Author: A.S. King
Publisher: Alfred A. Knopf
Genre: Realistic Fiction, Contemporary
Blurb: (from goodreads) Vera’s spent her whole life secretly in love with her best friend, Charlie Kahn. And over the years she’s kept a lot of his secrets. Even after he betrayed her. Even after he ruined everything.
So when Charlie dies in dark circumstances, Vera knows a lot more than anyone—the kids at school, his family, even the police. But will she emerge to clear his name? Does she even want to?
Edgy and gripping, Please Ignore Vera Dietz is an unforgettable novel: smart, funny, dramatic, and always surprising.
Me: Can I say I finally have the honor to review this book? No other author than A.S. King could have broken my heart so gradually and painfully through humor and truth and the inevitable.
The Ups: First of all, the entire "my best friend died." is used way too many times in young adult novels. I get it okay. You're sad. Cry cry. Tear tear. Boohoo. But A.S. King knows how to make the reader feel every single real emotion that runs through a characters head. The feelings are never overdone, never cheesy, sometimes too real it gets bland, but it immerses you into the reality of her stories. Other authors, when writing about the death of a loved one from a character's point of view, feel the need to somehow show the depression and the desperateness through depicting every moment, making the characters break down and then have super sad monologues about how much they need someone. This book however, masks the idea in dark humor and true honesty that even though Vera really doesn't completely go through an emotional "ride", per se, it breaks your heart and ties you with the characters more than any other book.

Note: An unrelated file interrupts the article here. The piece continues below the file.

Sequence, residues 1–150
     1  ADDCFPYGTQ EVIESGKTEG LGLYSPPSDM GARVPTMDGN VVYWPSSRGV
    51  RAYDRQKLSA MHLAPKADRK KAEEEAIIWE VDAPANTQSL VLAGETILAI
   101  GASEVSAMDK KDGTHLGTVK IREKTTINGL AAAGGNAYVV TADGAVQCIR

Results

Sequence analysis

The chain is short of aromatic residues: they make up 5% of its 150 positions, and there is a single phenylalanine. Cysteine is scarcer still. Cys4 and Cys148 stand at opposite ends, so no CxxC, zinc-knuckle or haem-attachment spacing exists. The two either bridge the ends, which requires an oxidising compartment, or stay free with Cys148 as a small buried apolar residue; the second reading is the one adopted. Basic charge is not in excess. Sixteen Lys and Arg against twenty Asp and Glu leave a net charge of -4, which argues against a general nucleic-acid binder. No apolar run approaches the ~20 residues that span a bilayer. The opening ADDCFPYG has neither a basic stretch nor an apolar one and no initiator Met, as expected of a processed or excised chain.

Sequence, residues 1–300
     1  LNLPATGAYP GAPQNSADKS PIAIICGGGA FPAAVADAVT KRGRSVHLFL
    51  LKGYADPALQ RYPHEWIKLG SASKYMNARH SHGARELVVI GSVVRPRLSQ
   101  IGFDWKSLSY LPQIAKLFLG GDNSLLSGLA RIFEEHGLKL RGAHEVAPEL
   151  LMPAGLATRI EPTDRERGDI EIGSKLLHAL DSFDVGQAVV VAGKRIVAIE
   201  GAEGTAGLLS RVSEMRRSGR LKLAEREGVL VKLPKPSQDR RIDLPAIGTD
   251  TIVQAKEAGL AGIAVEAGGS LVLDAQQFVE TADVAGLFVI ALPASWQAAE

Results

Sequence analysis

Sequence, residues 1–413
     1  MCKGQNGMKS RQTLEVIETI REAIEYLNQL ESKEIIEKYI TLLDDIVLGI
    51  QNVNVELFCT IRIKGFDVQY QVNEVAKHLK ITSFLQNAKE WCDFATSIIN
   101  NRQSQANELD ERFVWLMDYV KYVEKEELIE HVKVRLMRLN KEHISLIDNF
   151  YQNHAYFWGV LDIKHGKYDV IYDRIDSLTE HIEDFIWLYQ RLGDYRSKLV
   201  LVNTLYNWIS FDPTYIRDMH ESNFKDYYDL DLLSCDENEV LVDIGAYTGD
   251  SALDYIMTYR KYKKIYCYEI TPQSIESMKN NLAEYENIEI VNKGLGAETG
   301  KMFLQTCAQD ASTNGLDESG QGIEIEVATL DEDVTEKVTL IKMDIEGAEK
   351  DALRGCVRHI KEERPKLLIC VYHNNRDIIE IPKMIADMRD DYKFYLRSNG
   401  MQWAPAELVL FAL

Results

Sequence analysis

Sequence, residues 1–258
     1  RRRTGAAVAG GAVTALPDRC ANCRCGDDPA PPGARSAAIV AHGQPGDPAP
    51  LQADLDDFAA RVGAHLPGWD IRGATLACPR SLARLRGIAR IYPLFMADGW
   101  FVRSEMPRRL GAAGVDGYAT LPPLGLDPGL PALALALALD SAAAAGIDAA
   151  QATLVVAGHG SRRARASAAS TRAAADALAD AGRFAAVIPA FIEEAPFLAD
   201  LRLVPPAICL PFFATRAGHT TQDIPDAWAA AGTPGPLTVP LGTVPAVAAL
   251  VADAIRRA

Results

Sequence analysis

It's just written phenomenally. Vera is an amazing protagonist. She is constantly avoiding her destiny, trying to get something out of her sucky life, and grieving and feeling and loving...without knowing it. She never gets annoying, too dramatic. or too helpless. Charlie and Ken Dietz were my two other favorites, because both of them had such beautiful stories and desperate lives, but a certain light to their lives as well.
It amazes me how I can get through that and Vera doesn't really break down once, but I was bawling from the second half on.
The Downs: I don't know. There is a certain sensation right now (I literally just finished it) that leaves me empty and hollow and feeling like it wasn't completely resolved, but that's life. And A.S. King tells it like it is.